Over elaborate , and who cares? 3 lines of story centred on a refugee, presumed Chechen: the lad himself, a Scottish banker resident in Hamburg who finds himself the fellow's sponsor, and the German police. The lad has had a complicated journey through various countries and their prisons, he's pretty inarticulate and a mystery - so far so intriguing. His host, a Muslim boxer settled in Hamburg, at first wants nothing to do with him, but then, somewhat randomly comes to consider him a brother. The banker is drawn in by some tie in his own past, also kept mysterious, and from being the cool- headed financier, switches to funding the lad, also pretty randomly. The police as so often in le Carré, and perhaps in life, are embroiled in interdepartmental strife and u fathomable relationships, sexual and other. As reader/ listener I just couldn't get involved. Apart from the banker, the characters are ciphers, and even the banker's reactions are presented rather mechanistically. I used to enjoy le Carré's cold pessimism, especially Spy who came in, but this is overcomplex, lifeless stuff. I gave up.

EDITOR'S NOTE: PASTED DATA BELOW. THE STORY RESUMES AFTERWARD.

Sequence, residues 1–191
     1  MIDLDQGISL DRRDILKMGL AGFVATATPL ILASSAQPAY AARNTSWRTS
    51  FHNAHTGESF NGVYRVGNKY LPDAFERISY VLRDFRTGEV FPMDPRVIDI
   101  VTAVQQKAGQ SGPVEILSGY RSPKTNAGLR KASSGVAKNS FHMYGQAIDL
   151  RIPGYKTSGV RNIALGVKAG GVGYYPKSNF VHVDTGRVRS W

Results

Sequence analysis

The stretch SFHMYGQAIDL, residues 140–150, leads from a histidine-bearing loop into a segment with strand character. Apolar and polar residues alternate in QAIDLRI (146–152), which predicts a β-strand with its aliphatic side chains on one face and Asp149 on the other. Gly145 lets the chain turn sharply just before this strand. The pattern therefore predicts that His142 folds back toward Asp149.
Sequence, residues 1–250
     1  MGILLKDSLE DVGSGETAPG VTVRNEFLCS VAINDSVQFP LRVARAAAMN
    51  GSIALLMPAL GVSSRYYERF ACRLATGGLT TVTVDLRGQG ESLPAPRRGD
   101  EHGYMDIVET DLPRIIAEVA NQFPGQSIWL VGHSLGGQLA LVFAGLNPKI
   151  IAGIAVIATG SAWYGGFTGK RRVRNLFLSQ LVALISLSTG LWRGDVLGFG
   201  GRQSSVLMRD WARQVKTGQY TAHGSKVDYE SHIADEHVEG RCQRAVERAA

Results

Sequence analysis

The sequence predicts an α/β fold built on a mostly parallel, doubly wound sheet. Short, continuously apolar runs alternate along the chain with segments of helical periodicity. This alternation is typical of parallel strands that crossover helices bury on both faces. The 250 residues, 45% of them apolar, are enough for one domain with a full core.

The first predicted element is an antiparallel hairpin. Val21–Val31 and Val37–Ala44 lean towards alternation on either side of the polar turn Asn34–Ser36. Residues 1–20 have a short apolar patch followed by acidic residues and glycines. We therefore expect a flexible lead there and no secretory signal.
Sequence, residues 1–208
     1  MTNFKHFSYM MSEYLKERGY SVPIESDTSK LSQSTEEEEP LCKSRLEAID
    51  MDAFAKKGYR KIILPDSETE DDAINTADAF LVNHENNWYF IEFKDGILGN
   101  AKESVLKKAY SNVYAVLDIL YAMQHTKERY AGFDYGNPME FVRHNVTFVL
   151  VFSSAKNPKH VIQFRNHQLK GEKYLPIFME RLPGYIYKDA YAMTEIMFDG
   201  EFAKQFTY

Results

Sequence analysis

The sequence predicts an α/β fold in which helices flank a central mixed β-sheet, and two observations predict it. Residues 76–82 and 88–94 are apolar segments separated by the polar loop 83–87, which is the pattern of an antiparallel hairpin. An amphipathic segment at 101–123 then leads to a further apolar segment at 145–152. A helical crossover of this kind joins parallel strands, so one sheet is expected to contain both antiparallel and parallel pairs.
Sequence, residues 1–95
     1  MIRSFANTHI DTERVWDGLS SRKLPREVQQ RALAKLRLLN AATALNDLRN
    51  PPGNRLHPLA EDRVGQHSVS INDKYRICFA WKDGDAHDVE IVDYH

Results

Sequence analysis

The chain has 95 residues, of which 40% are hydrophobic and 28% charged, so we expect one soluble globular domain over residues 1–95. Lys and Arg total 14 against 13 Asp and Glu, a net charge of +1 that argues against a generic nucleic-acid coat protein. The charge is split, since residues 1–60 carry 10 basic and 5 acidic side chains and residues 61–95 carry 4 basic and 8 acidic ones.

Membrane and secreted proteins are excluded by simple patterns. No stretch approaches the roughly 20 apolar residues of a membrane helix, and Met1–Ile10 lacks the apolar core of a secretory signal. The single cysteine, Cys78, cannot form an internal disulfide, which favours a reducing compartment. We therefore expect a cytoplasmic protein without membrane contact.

The reading by Michael jayston didn't help: characters poorly differentiated and almost every foreign word mispronounced. ( )
  vguy | Aug 10, 2013 |
Showing 1-5 of 48 (next | show all)
 

» Add other authors (19 possible)

Author nameRoleType of authorWork?Status
John le Carréprimary authorall editionsconfirmed
Rees, RogerNarratorsecondary authorsome editionsconfirmed